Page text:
“Because Occator Crater holds some tantalizing clues about the conditions necessary for life to arise on other worlds, scientists are hoping to send a lander to further explore Ceres' most fascinating feature”, scientist Paul Schenk declared.
Dawn could only study Ceres from orbit, reaching a closest altitude of 22 miles (35 km), a spacecraft on the surface however, could learn more about the dwarf planet's composition by scooping a sample and analyzing it in situ, or inside the spacecraft itself. Currently though, no space agencies have plans to send another mission to Ceres, but that could change now that the Dawn mission has ended.
Did you know?
- Between 2013 and 2100, the closest approach of Ceres to Earth is speculated to happen in 2032 at a distance of approximately 1.6 Astrological Units.
- Piazzi originally wanted to name Ceres, Cerere Ferdinandae. The reason for this was because he wanted to honor the roman goddess of agriculture, Cerere in Italian, who was believed to have originated in Sicily, the oldest temple of her being there. The second term Ferdinandae, was to honor the then king of Sicily, Ferdinand.
- Ferdinandae however, was not acceptable to other nations, and it was thus dropped. Ceres remained, but for a short time in Germany it was called Hera, in modern Greek Demeter, while the other languages used a variation of Ceres/Cerere with the exception of Chinese which use the calque “grain-god (dess) star” or gushenxing.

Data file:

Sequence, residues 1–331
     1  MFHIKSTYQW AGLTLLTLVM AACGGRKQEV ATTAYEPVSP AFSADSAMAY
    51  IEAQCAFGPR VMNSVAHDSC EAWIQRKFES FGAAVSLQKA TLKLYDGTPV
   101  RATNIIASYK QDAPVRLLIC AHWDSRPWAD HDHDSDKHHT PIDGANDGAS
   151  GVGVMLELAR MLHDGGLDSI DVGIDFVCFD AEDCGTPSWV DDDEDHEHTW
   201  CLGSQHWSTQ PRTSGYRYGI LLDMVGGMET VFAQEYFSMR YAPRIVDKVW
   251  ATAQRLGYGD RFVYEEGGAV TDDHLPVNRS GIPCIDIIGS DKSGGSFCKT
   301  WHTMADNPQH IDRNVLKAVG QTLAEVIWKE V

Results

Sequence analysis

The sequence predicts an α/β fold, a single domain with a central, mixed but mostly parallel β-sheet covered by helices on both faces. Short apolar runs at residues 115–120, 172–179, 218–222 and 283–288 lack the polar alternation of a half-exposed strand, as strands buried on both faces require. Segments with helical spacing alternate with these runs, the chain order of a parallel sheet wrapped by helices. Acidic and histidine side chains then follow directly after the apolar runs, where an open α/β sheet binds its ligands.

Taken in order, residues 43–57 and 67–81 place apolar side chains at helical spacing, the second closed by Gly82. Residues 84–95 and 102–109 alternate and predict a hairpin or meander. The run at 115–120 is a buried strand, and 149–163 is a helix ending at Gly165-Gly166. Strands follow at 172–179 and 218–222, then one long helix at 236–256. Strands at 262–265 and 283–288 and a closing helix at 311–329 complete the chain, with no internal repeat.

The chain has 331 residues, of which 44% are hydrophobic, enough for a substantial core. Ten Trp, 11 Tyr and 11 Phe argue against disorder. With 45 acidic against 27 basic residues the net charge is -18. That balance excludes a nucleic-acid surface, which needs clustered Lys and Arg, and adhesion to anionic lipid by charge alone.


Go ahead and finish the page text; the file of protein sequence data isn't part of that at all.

- The word cereal comes from the same name of Ceres.
- The rare-earth element Cerium was named after Ceres but it was later renamed to palladium after the second asteroid Pallas.
- Ceres remained classified as a planet in astronomy books for half a century.
- Ceres holds the title of the smallest dwarf planet in our Solar System, however recent discoveries imply that there may be a new dwarf planet even smaller named Hygiea. Hygiea was discovered in 1849 and classified as an asteroid. But recent observations may reveal that it is in fact a dwarf planet.
- Ceres is the only known dwarf planet that isn’t located in the Kuiper Belt.